The Poet, Ralph Angel

The Poet, Ralph Angel

Ralph Angel is the award-winning author of five books of poetry and a bilingual translation of the Federico García Lorca collection, Poema del cante jondo / Poem of the Deep Song. His most recent work includes entropia, a collection of thirty-one images, Strays, a limited-edition chapbook of poems, and two new manuscripts coming out in the fall of 2023.

Mary Angel is a writer and retiring corporate executive who is excited about the next chapter of her life, which will include completing her new manuscript and volunteering at Arlington Garden.

AJ: This past October, Mary, you organized a poetry reading in the garden for your late husband, the award-winning poet Ralph Angel. Would you mind saying a bit about the poetry reading? Who did the reading? What inspired you to hold the event? 

MA: Arlington Garden was one of my husband’s favorite places. He brought me there early on in our relationship with a childlike joy, knowing we were about to enter a magical place. He walked me through the garden, stopping to admire each plant and flower.  He also brought friends who were visiting us there to share this hidden gem with them.

Often, if he was stuck on a line while making a poem, he would go to the Garden, find a bench to sit on, listen to the birds, and take in all the sights and smells. It would help him get out of his head and back to the poem.

My husband passed away unexpectedly after a brief illness in March of 2020 at the cusp of the pandemic. I went through much of my grieving process in isolation. When the lockdown finally eased up, I returned to Arlington Garden and found a sense of peace there. Knowing this was such a special place to him, I donated a plaque on a bench in his memory in the pine forest section. Now it is my special place too, because when I go there and sit on the bench, listen to the birds, and take in all the sights and smells, I feel like I’m seeing it all through his eyes.

Last month, I invited some of our dear friends and poets to the Garden to read some of Ralph’s poems and share their stories of him to honor his memory. read more…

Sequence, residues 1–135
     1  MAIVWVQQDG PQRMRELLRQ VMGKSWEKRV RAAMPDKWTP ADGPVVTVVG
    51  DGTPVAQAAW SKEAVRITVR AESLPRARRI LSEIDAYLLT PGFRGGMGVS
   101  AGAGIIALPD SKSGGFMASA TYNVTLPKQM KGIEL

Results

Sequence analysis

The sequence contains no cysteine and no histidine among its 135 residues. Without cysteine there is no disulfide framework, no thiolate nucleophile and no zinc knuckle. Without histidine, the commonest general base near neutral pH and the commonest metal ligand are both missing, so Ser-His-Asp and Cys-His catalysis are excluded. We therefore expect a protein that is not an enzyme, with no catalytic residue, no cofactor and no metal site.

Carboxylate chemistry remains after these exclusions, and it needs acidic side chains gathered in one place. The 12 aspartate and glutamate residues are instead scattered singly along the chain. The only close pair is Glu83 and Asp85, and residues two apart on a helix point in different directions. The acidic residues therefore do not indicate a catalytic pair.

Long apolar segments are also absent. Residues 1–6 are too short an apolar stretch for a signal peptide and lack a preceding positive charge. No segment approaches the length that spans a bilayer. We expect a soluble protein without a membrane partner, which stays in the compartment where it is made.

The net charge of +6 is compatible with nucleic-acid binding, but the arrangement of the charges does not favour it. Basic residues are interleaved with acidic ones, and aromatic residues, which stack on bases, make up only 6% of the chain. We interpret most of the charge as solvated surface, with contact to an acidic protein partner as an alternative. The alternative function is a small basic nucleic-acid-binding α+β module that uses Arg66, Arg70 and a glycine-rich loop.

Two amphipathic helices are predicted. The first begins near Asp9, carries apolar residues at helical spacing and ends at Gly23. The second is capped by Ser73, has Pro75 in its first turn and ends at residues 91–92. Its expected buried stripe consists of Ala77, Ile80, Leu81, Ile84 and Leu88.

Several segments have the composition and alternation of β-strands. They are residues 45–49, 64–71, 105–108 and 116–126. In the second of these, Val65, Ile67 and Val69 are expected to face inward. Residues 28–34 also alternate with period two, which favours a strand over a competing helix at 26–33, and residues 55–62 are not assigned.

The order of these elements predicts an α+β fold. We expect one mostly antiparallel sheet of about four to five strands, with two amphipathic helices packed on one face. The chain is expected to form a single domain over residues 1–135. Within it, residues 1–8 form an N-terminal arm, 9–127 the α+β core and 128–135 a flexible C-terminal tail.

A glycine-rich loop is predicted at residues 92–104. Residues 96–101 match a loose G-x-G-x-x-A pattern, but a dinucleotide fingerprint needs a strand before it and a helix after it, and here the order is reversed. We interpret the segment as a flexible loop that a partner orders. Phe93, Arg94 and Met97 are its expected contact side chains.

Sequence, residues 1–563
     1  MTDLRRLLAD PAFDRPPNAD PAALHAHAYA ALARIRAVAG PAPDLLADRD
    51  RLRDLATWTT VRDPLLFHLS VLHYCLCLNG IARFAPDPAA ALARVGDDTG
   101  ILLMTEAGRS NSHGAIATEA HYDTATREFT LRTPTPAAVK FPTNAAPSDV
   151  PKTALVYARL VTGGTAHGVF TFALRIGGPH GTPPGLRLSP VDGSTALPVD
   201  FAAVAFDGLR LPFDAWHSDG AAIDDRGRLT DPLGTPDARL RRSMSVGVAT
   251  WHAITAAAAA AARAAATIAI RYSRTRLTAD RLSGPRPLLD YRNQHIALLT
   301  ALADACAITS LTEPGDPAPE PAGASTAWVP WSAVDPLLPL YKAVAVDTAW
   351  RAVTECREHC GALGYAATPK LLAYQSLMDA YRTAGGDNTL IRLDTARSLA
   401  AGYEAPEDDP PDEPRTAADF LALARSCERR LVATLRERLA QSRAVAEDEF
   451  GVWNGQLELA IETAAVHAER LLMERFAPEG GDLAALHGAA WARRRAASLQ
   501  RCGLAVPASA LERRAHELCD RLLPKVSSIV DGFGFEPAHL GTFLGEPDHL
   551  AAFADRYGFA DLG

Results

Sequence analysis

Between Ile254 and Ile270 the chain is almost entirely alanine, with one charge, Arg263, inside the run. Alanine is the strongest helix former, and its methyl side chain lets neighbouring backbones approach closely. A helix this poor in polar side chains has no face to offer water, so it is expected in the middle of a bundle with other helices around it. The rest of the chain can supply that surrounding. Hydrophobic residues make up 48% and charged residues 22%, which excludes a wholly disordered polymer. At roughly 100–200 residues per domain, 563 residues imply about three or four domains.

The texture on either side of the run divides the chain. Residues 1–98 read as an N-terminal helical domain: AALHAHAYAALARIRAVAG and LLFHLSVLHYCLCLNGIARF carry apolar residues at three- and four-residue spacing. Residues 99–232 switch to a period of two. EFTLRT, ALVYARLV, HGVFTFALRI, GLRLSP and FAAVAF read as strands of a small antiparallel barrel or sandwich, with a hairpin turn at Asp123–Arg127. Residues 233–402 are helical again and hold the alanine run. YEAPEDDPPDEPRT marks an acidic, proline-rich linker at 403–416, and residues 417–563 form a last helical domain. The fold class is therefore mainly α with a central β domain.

Arlington, Overworld: Quercus agrifolia

Arlington, Overworld: Quercus agrifolia

Arlington, Overworld is a monthly series devoted to the ecology, history, horticulture, and biology of plants in Arlington Garden. The “overworld” is the highest-level map of a videogame showing mountains, forests, kingdoms, dungeons, and treacherous wastes. Not part of normal gameplay, the overworld facilitates progression from level to level — A.J. Jewell. 

Coast live oak: Quercus agrifolia, encina/encino (Spanish), weť (Tongva)
Origin: California Floristic Province, coastal regions up to Mendocino
Mature size: trees often wider than tall: 30-60 ft. tall, 40-70 ft. wide
Gardening notes: evergreen, cupped, holly-shaped leaves; develops multiple trunks with space and time; trees live for 250+ years with much older specimens recorded; tolerant of hot fires; keystone species in oak woodlands and an excellent habitat plant; avoid changing grade under the tree canopy.

THE COAST LIVE OAK pictured above is over 100 years old. It was one of 8 trees at Arlington Garden when it was founded in 2005, and the tree looks largely unchanged since that time. Of course, if you had been a rock or a mountainside during its early years, with your unblinking mineral eyes you would have seen branches fork like lightning across the sky and trunks explode upwards. Despite looking unchanged, coast live oaks like this one undergo relatively rapid growth during maturation, growing to 40 ft in a measly 20 years. (more…)

Chitral in the Monsoons: Tahereh Sheerazie

Chitral in the Monsoons: Tahereh Sheerazie

Tahereh Sheerazie is Head Gardener at Arlington Garden. In this travelogue, she shares her experience hiking through the 2022 monsoons in Chitral, Pakistan that caused record-breaking flooding and describes some of the resilient people and landscapes she met in the high mountains.

We knew it would rain in Chitral (Pakistan) for the first week of our scheduled trek. Our guide Ishfaq was convinced the rain would last only a day or two, so we took our chances. We had picked the end of August to do the journey, since locals had told us it’s the best time of the year to visit Chitral. The monsoons would have subsided; the weather would not be too cold nor too hot; and most of the crowds would have left, since schools reopen in mid-August. It turns out that the monsoons had not let up. But the crowds had definitely left! read more…

Arlington, Overworld: Platanus racemosa

Arlington, Overworld: Platanus racemosa

Arlington, Overworld is a monthly series devoted to the ecology, history, horticulture, and biology of plants in Arlington Garden. The “overworld” is the highest-level map of a videogame showing mountains, forests, kingdoms, dungeons, and treacherous wastes. Not part of normal gameplay, the overworld facilitates progression from level to level — A.J. Jewell. 

Western sycamore: Planatus racemosa, aliso (Spanish), sā-vār or shă-var’ (Tongva)
Origin: California Floristic Province, riparian areas near the coast and some inland areas
Mature height and width: 40-80 ft. tall, 30-50 ft. wide.
Gardening notes: winter deciduous; thrives with significant  amounts of water in well-draining soils; best planted near swales, streams, or seeps; otherwise supplemental moisture is required.